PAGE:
Steve Erlanger/The New York TimesNATO recently extended an invitation for Montenegro to join the alliance, its first expansion since 2009. It was a little more than a year ago, following the withdrawal of NATO-led forces from Afghanistan, that many were left questioning the relevance of NATO. But "with current and potential threats from Russia and from the chaos in the Middle East," the alliance is showing renewed necessity.
Daniel Yergin/The Wall Street JournalWhat will the global oil market look like in 2016? A repeal of the ban on US crude exports, the lifting of sanctions on Iranian oil exports, and an already oversaturated oil market could mean "a battle that will be shaped by prices—and by the geopolitical rivalries across the Gulf."
Thomas Erdbrink/The New York TimesIran is home to four of the ten most polluted cities in the world, and "a seven-year drought is showing no signs of letting up." As the doors of isolation open following the nuclear agreement with the West, Iran is in need of environmental expertise from the international community.
Mark Leonard/European Council on Foreign RelationsHow did Russia respond when Turkey shot down one of their fighter jets? By imposing new economic sanctions, including a ban on all fruit and vegetable imports to Turkey. "Conflicts of the future will not be fought in the air or on the ground but in the interconnected infrastructure of the global economy."
Dan De Luce/Foreign PolicyIn a recent interview with Foreign Policy, former Defense Secretary Chuck Hagel recounts the many obstacles he faced while serving the Obama administration. The interview is fascinating on at least two levels. One, it gives a glimpse into the micromanagement of the Pentagon by the White House. Two, it shows the internal division within the Obama administration on many critical foreign policy issues.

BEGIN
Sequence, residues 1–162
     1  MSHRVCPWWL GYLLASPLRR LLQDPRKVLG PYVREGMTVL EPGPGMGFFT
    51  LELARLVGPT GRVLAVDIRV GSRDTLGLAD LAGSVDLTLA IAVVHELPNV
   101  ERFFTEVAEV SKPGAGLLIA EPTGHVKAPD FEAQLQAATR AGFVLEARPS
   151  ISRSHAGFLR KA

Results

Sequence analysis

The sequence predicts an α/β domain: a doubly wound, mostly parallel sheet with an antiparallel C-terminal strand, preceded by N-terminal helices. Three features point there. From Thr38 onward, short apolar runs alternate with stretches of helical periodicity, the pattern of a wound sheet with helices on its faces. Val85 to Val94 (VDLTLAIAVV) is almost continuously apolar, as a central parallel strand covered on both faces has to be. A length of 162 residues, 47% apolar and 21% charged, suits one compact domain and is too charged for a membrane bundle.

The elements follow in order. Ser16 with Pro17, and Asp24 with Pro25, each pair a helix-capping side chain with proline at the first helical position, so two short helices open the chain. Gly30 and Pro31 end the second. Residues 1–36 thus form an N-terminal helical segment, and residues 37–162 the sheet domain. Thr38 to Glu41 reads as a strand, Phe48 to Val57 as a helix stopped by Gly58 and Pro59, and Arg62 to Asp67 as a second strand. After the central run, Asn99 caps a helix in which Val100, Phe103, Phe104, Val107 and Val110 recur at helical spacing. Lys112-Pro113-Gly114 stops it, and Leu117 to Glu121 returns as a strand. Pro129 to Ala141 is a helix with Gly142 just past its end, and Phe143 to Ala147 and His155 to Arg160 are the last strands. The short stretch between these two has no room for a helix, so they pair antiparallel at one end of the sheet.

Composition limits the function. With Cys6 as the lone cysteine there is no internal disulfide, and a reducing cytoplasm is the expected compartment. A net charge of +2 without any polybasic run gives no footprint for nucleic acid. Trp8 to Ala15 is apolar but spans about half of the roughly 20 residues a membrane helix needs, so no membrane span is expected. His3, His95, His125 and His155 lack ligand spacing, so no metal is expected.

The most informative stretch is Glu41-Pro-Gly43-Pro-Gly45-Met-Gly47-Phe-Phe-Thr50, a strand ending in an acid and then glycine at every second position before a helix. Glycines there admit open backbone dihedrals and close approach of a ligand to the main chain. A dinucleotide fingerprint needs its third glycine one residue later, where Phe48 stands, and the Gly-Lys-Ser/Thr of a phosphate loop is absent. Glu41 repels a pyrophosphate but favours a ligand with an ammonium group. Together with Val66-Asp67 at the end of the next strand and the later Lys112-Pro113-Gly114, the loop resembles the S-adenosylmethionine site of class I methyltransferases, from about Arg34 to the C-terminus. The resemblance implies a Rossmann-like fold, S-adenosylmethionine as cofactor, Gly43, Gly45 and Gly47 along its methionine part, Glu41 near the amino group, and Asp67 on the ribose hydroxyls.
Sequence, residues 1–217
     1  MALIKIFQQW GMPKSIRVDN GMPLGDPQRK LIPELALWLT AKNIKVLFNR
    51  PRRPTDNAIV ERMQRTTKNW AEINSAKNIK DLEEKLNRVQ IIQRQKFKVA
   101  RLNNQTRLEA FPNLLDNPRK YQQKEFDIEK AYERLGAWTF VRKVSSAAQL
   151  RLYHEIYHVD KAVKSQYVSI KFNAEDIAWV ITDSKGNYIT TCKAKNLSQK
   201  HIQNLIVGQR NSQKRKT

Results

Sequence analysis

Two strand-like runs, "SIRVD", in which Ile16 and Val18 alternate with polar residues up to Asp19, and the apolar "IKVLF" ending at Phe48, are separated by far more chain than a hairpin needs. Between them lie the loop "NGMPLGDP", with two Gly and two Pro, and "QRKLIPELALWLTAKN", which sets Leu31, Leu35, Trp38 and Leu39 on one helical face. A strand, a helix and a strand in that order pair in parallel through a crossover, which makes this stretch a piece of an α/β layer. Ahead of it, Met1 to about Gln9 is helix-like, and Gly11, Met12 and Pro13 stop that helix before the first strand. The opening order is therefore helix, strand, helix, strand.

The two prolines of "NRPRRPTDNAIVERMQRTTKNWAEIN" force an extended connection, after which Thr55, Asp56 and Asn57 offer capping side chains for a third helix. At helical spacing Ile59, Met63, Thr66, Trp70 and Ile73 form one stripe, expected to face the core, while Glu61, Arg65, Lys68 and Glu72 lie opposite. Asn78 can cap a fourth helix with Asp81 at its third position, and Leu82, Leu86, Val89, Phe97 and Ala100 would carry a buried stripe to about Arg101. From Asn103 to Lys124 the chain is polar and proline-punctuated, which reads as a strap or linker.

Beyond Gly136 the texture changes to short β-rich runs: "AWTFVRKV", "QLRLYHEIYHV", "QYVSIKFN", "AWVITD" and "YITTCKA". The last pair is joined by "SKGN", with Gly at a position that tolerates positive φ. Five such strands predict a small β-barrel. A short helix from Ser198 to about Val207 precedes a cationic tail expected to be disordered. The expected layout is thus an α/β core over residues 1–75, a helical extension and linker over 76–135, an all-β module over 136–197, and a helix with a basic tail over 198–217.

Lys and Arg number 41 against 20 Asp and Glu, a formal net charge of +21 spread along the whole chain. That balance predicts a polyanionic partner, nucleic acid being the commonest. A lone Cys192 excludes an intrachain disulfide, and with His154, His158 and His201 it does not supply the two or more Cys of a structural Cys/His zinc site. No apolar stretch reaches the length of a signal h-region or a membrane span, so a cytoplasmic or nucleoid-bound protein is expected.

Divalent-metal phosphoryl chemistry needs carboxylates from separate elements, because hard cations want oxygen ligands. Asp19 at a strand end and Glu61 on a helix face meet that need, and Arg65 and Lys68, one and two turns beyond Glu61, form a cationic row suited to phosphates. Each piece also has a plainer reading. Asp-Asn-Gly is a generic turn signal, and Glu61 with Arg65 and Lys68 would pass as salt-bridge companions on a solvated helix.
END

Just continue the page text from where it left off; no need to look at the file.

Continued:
If you are interested in related content from the Council on Global Affairs please see:Middle East Polling Roundup, Fellow Karl Friedhoff and Alex Lederman on Running Numbers
History Repeats At National Immigration Conference, Assistant Director of Immigration Sara McElmurry on Global Insight
Trade Wars: A New Hope, Research Associate Andy Morimoto on World of Cents
One of the Biggest Objections to the TPP Just Went up in Smoke, Senior Fellow Phil Levy, Foreign Policy
2/02 – The Illegal: Ripped from the Headlines
Author Lawrence Hill and executive director of the National Immigration Forum Ali Noorani discuss the current refugee crisis in the Middle East, Africa, and Europe, and US and Canadian immigration policies.
2/03 – The Resource Curse and the Role of the West
Author Leif Wenar discusses the role that governments, the private sector, and consumers can play in improving the currently conflict-ridden global resource trade.
2/23 – Europe: What Next?
University of Chicago professor Luigi Zingales explores the economic future for a continent strained by increased security concerns, the migrant crisis, a slowing economic recovery, and rising populism.
3/02 – American Intelligence in the Age of Terror
General Michael Hayden, former director of the CIA and NSA, discusses the new technologies, and controversies, of techniques employed by America’s intelligence agencies in the war on terror.